<h3>Some important background</h3>
<p>To be able to provide advanced code assistance for a project's source code, IDEs like Eclipse need to carry out a thorough <a class="link-https" href="https://en.wikipedia.org/wiki/Static_program_analysis" title="https://en.wikipedia.org/wiki/Static_program_analysis">static analysis</a> of the project's source files and build up a complete picture of the code. (What Eclipse is attempting to do when it "indexes" the source.) Static analysis involves parsing the source files, so naturally enough it can only produce good results if it has a sensible set of preprocessor defines, include paths and pre-include files for each source file. Since Eclipse doesn't initially have this information, the code assistance that it can provide out of the box is pretty poor.<br> <br> For projects the size and complexity of Mozilla, manually figuring out and configuring Eclipse with a valid set of defines and include paths for each source file would be impractical (there are <em>lot</em>s of them, and they vary from one part of the code to another). Happily, Eclipse makes manual configuration unnecessary. Like some other IDEs, it provides a tool for projects that have their own build system so that it can collect the options that are passed to the compiler for each file compiled during an actual build.</p>
<p>The way that the Eclipse tool does the "compiler option discovery" is by scanning the console output for a real build looking for lines where a compiler was invoked. For each line that invokes a compiler, it tries to figure out which source file was being built, and to resolve any relative include paths. <em>(Note that it may not always be possible to do one or both of these things if the build output doesn't identify which directory the compiler was being invoked from!)</em> If Eclipse can successfully identify which source file was being built, then it can associate that file with any resolvable include paths along with any preprocessor defines and pre-include files that were passed to the compiler.</p>
<p>Note the requirements that Eclipse's method of compiler option discovery imposes on us. First, a build must be run from inside Eclipse in order for it to find the compiler options. For the build's console output to be useful, the build must not be parallelized (since that would result in overlapping and muddled lines from different build threads/processes) and the build must not be silenced/quietened. Finally, the build process must be explicitly instructed to output information that allows the directory that the compiler is being invoked from to be identified.</p>
<div class="warning">Conversely, note this very carefully: if you configure Eclipse to invoke a build process that is parallelized, silenced, or that fails to identify the directory that the compiler is being run from, then it <strong><u>will</u></strong> mess up the compiler options that Eclipse associates with your files, and that in turn will <strong><u>significantly</u></strong> degrade the quality of the code assistance that Eclipse will provide after it next re-indexes the code.</div>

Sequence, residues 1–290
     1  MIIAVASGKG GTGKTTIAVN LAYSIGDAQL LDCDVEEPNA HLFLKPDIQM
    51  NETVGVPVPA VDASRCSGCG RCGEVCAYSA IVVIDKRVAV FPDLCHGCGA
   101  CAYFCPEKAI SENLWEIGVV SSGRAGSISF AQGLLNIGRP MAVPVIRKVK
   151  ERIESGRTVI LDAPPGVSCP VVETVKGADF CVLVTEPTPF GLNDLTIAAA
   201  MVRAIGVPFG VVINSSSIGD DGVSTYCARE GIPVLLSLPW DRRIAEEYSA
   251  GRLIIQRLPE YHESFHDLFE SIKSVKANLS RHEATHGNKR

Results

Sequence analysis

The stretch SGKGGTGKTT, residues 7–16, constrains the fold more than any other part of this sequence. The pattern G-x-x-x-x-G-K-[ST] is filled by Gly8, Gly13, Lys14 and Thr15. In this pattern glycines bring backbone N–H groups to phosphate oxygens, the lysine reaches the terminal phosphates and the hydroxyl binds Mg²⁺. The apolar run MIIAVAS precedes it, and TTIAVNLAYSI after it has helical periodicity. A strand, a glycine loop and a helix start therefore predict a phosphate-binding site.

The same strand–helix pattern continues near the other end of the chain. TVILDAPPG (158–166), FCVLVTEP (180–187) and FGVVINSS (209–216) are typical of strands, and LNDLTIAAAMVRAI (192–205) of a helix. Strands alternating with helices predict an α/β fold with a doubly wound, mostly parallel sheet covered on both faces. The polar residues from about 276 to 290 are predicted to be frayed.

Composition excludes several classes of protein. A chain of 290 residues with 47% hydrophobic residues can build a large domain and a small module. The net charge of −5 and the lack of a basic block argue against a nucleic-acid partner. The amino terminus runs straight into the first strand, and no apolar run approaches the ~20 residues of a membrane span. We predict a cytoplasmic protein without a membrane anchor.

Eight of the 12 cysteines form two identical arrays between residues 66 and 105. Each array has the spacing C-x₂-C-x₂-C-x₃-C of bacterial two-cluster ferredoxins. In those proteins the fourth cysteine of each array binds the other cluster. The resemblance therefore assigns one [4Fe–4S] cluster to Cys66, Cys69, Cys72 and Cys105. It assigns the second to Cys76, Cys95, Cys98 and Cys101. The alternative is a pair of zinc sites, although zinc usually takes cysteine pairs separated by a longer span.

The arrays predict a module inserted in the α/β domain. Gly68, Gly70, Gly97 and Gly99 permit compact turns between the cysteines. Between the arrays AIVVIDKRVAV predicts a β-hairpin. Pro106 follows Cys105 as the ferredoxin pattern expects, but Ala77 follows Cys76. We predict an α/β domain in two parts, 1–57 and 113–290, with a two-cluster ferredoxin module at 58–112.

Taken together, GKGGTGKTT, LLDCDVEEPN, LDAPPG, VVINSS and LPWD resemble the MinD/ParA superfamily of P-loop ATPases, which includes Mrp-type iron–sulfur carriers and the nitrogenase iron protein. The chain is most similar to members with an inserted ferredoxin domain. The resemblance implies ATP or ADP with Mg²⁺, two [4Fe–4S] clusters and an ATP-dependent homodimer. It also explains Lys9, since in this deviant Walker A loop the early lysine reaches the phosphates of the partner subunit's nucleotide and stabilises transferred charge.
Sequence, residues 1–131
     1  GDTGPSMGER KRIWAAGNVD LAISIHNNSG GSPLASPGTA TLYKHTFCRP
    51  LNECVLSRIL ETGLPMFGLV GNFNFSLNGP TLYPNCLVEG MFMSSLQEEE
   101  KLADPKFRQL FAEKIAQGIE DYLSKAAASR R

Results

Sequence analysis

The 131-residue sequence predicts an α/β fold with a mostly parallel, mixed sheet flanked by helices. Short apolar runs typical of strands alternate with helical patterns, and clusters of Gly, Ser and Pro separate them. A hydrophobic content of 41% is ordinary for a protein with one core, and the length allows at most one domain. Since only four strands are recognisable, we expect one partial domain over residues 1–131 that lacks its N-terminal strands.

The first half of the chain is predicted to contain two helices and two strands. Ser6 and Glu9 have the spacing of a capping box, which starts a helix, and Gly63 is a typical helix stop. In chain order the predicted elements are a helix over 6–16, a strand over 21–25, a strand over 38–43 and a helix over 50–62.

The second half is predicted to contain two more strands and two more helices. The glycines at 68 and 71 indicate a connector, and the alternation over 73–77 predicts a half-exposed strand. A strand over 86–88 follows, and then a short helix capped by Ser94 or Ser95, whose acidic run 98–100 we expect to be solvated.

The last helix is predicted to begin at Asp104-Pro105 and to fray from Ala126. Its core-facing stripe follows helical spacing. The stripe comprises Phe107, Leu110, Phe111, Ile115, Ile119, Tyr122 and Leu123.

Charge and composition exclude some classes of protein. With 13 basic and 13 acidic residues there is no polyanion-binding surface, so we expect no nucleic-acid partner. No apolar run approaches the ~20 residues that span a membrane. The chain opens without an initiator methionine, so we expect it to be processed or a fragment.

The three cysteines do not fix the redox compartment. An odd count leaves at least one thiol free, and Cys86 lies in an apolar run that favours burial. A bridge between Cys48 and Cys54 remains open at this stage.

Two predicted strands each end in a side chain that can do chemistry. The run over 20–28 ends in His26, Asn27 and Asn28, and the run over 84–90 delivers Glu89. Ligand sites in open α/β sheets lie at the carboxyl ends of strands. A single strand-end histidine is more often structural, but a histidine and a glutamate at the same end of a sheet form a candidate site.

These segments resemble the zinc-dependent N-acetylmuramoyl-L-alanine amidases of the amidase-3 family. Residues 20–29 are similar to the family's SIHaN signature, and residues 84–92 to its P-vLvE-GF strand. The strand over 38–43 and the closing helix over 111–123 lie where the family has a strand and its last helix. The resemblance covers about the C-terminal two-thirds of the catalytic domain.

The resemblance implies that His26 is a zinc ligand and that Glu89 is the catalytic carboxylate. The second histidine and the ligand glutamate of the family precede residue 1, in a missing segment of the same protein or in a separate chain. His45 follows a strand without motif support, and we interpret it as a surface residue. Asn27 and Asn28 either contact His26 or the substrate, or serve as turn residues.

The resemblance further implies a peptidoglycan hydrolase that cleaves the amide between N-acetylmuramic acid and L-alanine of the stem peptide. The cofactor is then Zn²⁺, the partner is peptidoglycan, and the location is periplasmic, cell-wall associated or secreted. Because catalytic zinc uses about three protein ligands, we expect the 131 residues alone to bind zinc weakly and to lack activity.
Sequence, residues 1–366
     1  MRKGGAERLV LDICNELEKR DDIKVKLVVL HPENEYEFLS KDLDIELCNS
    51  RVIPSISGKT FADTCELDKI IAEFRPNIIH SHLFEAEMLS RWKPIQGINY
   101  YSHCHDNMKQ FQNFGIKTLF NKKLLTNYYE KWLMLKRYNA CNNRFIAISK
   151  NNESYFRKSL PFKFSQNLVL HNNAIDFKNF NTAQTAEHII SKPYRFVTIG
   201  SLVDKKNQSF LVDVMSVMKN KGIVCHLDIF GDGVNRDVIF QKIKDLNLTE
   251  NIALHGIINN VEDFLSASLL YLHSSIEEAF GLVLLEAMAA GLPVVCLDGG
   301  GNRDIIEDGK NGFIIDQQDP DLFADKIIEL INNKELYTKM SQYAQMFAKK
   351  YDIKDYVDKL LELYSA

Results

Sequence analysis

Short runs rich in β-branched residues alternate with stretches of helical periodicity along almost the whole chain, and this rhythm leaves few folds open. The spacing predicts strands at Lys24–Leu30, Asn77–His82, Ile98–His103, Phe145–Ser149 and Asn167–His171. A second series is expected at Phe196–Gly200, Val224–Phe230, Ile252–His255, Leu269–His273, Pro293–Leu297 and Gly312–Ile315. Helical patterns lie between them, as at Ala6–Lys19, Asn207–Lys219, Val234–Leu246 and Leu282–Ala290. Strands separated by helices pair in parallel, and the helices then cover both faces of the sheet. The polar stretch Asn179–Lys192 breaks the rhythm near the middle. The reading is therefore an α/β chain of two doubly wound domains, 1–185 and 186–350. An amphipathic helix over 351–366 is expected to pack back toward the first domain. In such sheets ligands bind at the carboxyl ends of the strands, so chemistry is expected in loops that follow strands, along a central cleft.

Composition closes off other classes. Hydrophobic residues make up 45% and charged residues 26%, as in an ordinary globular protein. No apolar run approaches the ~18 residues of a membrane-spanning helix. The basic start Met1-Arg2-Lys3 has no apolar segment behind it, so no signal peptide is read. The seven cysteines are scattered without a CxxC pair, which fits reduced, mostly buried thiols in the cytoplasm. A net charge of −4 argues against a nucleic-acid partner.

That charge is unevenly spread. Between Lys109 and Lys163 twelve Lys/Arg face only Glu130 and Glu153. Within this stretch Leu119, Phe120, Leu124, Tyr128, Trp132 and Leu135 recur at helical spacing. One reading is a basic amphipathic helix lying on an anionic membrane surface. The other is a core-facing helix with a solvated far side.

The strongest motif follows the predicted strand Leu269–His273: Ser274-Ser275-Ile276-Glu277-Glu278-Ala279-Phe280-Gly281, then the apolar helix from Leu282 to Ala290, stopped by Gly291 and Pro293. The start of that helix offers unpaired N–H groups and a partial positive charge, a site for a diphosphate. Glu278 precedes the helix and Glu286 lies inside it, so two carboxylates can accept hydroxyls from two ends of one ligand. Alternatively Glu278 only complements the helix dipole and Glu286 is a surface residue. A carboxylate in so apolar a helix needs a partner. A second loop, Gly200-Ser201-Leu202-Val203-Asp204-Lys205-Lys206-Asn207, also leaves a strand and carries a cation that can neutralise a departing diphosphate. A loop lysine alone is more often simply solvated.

<p>Of course, the type of build that Eclipse requires is at odds with the way that most Mozilla developers use parallelized and silenced builds in order to minimize their build times.</p>
<p>The consequences of the above observations are that:</p>
<div class="warning"> <ul> <li>it is strongly recommended that you invoke your normal builds/rebuilds outside of Eclipse, from the command line</li> <li>we will configure Eclipse's build step so that you can <strong><u>occasionally</u></strong> use it to manually trigger a special "build" that is purely for the purposes of setting/updating the compiler options Eclipse associates with each source file</li> </ul>
</div>
<p>(Not invoking your normal (re)builds from inside Eclipse does loose you some minor benefits that Eclipse has to offer, but these are worth sacrificing for much better code assistance. See the "Build" section below if you're interested in what you loose.)</p>
<h2>Create a usable build log</h2>
<p>(This section comes first so that the build can be running while you install and configure Eclipse. You will probably only need to update the build log once every couple of months or so, if that.)</p>
<p>As explained above, we're going to set Eclipse's build step to trigger a special "build" that you will only use occasionally, whenever you need to set up or update the preprocessor defines, include paths and preinclude files that Eclipse associates with each source file (for use during its static analysis of the files).</p>
<p>Actually, rather than having Eclipse trigger a real build, we're going to trick it into reading a build log. The advantages of having it to read a log are that if something goes wrong, the log file can be reread by Eclipse much more quickly than doing a fresh build and, with a quick search and replace edit, the build log can also be reused when setting up Eclipse with your other Mozilla source trees.</p>
<p>First, note that the build log is going to contain include paths to a specific object directory in the file system. These include paths need to resolve whenever Eclipse reindexes the source, so the object directory for the build you're about to run should be your normal object directory (or one that will continue to exist and be updated for as long as you're using Eclipse with the source tree).</p>
<p>Second, the build needs to be a full rebuild, so delete that object directory now before you proceed.</p>